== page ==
The fundamentals of dark fiber explained

Fiber optic networks are the future of internet infrastructure. These networks promise faster speeds, greater security and increased flexibility. Dark fiber refers to the “unlit” infrastructure — or fiber optic cables that currently aren’t in use by a carrier or service provider — that an end-user can lease, either short- or long-term.

With the potential benefits dark fiber offers — security, speed, flexibility — it’s unfortunate that more telecom companies haven’t yet adopted fiber optics as the standard for internet service.

Actually, quite a bit of fiber infrastructure was laid in the 90s. There were several factors working against the widespread implementation of fiber optics in the U.S., which included the deregulation of internet service that led to business mergers and a lack of competition among telecom companies.

As a result, the existing fiber optic infrastructure is currently either not used, or only used until the “last mile” — oftentimes, telecom companies close this gap with copper wiring. This practice negates the speed benefits promised through a dark fiber network.

The land of the free ranks a dismal 31st in the world for internet speeds. Similarly, the U.S. only has a 9.4% fiber optic penetration rate, ranking 18th overall. The U.S. is lagging way behind Japan’s rate of 72.6% and Sweden’s 46%. Fully implementing the existing dark fiber infrastructure available under many big cities is the key to faster speeds.

The difference between “dark” and “lit”

The main difference between “dark” fiber and “lit” services is that a dark network is infrastructure while a lit network is a service. With dark fiber networks, the customer purchases rights to the infrastructure — the fiber itself — and must provide the service themselves. With lit services, the customer rents the service, and has little to no control over the network itself.

Dark fiber offers the end-user complete control over their network, offering greater reliability, security and scalability. For a more technical explanation of the differences between dark and lit services, read Arch Fiber Networks’ “Dark fiber vs. lit fiber” guide.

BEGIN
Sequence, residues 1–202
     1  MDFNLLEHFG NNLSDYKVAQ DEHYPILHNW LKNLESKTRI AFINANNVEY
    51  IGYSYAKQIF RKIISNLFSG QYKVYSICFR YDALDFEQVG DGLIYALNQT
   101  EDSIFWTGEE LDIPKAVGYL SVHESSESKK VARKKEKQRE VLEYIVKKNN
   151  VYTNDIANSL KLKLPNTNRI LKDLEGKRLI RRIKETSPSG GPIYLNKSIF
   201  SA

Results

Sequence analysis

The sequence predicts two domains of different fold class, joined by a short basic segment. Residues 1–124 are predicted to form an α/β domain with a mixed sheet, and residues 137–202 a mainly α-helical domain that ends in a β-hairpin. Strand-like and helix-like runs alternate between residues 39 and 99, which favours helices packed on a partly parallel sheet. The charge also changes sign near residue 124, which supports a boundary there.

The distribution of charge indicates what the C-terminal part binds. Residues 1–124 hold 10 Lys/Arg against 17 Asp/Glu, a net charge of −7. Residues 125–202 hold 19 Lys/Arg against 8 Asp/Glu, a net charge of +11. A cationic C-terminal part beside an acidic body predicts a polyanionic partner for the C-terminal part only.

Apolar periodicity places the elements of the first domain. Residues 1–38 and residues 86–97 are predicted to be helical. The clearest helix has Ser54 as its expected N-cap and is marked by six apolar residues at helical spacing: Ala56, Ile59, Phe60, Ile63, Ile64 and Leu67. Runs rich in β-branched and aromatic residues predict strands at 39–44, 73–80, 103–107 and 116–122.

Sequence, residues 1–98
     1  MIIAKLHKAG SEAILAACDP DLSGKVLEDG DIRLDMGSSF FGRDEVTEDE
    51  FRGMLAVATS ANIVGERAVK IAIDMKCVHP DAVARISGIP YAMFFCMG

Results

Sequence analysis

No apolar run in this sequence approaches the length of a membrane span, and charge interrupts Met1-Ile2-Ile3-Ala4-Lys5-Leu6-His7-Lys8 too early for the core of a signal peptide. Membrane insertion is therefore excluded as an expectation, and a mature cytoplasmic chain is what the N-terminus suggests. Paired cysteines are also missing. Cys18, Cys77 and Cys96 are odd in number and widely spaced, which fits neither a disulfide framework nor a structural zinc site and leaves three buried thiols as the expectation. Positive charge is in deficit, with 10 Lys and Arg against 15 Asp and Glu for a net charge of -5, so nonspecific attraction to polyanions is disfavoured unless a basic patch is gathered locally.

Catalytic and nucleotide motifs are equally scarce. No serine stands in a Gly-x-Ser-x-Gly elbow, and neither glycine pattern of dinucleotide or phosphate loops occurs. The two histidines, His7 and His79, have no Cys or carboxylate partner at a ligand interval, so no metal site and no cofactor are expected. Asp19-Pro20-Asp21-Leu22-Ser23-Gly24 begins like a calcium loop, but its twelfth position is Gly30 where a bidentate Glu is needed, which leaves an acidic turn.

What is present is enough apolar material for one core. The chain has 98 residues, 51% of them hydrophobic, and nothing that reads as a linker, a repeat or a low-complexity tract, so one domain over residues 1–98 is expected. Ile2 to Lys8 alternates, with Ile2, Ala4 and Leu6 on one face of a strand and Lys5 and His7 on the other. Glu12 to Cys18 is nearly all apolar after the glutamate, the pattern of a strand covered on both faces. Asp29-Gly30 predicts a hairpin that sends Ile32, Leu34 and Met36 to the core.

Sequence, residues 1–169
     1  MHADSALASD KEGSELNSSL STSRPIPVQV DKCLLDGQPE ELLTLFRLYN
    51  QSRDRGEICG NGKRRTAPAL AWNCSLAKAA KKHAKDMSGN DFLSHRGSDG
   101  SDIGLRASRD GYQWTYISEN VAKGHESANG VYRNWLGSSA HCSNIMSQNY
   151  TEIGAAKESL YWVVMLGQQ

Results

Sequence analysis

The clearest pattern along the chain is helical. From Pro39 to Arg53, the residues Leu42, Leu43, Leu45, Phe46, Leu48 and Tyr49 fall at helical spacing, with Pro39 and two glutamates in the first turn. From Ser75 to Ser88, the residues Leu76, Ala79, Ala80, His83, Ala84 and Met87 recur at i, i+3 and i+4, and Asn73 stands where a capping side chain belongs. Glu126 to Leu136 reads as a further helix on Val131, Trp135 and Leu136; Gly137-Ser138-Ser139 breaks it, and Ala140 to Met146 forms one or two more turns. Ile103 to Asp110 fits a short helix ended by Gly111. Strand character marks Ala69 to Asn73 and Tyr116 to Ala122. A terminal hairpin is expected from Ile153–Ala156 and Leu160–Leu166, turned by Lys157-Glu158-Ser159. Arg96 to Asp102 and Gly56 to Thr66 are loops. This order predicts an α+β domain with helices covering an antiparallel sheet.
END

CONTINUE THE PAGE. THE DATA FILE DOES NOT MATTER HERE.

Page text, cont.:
The speed benefits of dark fiber networks

The average internet speed in America is 11.5 mbps (megabytes per second). The speed of fiber optic internet access? The standard is 1,000 mbps. Or 1 gigabit. Dark fiber offers speeds that completely dwarf that of the more commonly used lit services — watch this video to see a visual representation of the difference. Gigabit speeds mean faster video downloads and fewer disconnects on conference calls even with many network users.

Moreover, the multiple access points on lit copper wire and wireless services increases the risk of malicious interference and critical data loss. Closed fiber loops, however, are accessible only from a limited number of points. This creates physical-layer isolation and eliminates the need for firewalls and other protective measures, which is critical to those who must comply with strict security regulations.

As mentioned above, organizations with dark fiber have complete control over their network instead of outsourcing bandwidth to a third party. Purchasing rights to dark fiber allows for total control of the capacity and equipment over a private, secure network.

What does the future look like for fiber optic networks?

Fiber networks are the wave of the future. They are being fully implemented in many cities throughout the country, solving the problems caused by the slow speeds and thin bandwidths of lit networks.

Arch Fiber Networks is fighting stagnation. Dark fiber networks are a must in order to remain competitive as lit services are becoming more taxed with heavy data traffic. Infrastructure must grow and expand to meet the end-user requirements. This is good news for you, the end-user, as dark fiber can lead to decreased costs, increased speeds and enhanced security.

For more information on the benefits and technical aspects of dark fiber, be sure to download our Dark Fiber 101 guide below.